Commission to decide road fee
Next Tuesday, Leavenworth County commissioners will hear arguments about significantly increasing the county's road improvement fee.
What this could mean for the builder of a home in the county is that the current fee -- $2,500 that now is paid when a building permit is acquired -- could increase to $14,000 when land is platted.
The goal of the proposed plan, said John Zoellner, the county's director of planning and zoning and a member of the transportation committee that devised the plan, is to ensure that new development pays for road improvement.
On Jan. 28, the county's planning committee voted 6-1 to accept the transportation committee's recommendation for the higher fee. If the county commissioners decide Tuesday to adopt the plan, it could be implemented as early as March.
Denise Bensusan, a Kingman, Ariz., Realtor who plans this year to build a house in rural Leavenworth County, was shocked to learn she might have to come up with $10,000 more than she expected.
Less than a month ago, Bensusan was told a building permit, which currently includes the road fee, would cost $4,000.
¢ The Leavenworth County commissioners will decide next week whether to adopt a new Road Improvement Fee policy.
¢ The commissioners will discuss the issue at 1:30 p.m. Tuesday in the training room in the basement of the Justice Center, 601 South 3rd Street, Leavenworth.
¢ The public is welcome to attend.
But when she called the county last week, she learned that if the commissioners approve the new fee, her building permit and road fee could cost $18,000 later this year.
The proposed plan, written by the county's transportation committee and approved Jan. 28 by the county's planning committee, allows for exceptions.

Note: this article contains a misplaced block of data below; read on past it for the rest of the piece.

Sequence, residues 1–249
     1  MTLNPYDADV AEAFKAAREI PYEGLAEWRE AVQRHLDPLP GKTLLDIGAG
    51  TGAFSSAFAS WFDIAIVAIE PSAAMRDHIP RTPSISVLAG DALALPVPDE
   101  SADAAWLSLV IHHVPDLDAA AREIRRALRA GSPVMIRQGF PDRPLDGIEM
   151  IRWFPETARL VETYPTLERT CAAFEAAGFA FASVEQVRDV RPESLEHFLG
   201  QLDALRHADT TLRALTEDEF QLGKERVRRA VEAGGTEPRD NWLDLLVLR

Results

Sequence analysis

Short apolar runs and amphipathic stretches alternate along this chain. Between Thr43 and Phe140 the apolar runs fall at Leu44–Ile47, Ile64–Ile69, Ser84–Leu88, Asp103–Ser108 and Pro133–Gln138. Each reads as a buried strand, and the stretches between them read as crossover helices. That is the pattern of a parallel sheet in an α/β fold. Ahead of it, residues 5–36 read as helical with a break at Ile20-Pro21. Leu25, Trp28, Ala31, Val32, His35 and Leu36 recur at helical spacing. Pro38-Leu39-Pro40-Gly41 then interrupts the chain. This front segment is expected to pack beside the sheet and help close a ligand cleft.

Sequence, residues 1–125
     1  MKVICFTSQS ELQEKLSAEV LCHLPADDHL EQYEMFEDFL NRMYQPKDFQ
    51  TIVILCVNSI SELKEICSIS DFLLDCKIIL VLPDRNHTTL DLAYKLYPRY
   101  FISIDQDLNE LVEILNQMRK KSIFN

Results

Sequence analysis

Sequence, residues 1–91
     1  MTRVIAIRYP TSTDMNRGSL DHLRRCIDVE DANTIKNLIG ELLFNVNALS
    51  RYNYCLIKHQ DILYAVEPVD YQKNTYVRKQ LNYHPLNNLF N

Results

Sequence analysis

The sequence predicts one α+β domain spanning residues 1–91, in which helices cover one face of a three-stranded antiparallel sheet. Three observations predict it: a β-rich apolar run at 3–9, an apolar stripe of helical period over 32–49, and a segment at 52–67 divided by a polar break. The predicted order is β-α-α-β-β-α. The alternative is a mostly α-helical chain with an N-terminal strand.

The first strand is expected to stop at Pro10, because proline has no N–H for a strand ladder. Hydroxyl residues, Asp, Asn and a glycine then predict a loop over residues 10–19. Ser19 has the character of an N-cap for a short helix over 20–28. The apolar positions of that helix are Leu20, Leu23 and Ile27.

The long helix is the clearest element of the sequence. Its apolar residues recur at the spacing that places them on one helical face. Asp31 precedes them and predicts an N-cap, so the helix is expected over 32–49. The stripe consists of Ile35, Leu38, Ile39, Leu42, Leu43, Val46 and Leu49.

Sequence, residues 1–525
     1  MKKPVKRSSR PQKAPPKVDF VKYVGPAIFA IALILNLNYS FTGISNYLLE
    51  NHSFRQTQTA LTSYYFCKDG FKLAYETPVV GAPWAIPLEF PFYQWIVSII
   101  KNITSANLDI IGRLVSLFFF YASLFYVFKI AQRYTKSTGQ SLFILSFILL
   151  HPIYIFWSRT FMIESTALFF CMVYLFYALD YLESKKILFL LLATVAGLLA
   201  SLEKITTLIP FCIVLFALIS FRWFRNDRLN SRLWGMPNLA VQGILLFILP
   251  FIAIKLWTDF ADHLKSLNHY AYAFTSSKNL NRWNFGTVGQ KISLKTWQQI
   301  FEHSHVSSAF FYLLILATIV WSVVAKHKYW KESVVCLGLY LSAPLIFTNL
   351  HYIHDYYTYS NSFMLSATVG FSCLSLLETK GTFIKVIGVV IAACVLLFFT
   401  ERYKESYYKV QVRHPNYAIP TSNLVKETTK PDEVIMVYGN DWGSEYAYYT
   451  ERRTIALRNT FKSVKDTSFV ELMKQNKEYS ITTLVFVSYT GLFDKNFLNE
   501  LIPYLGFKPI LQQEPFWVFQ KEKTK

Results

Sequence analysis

For instance, developers who build on highways would pay no fee. And developers who build on paved roads would pay 75 percent of the fee. This plan takes into account that these developers will have the expense of building internal roads. And, when a large development is built on a gravel road, it's possible the developer could opt to pave the gravel road in lieu of paying the fee. In some cases, this would cost less than paying the fee.
The purpose of the proposal is twofold, say county officials -- to encourage development along paved roads, and to ensure that new development pays for the road needs it creates.
But Bensusan chaffs at that, saying it's unfair to expect new development to finance improvements to old roads.
"I'm coming in and I'm getting hit with an additional $10,000 for roads that I've never used," Bensusan said. "It's almost like saying don't come and develop here -- don't live here."
Bensusan said she's surprised that Leavenworth County residents aren't protesting.
"I cannot believe this," Bensusan said. "Don't the people in Leavenworth County get up in arms to stop this kind of thing -- if that would have happened out here, we would be on it."
Bensusan, who is now a widowed single parent, plans to pay cash for her new home, a house which she said would be modest.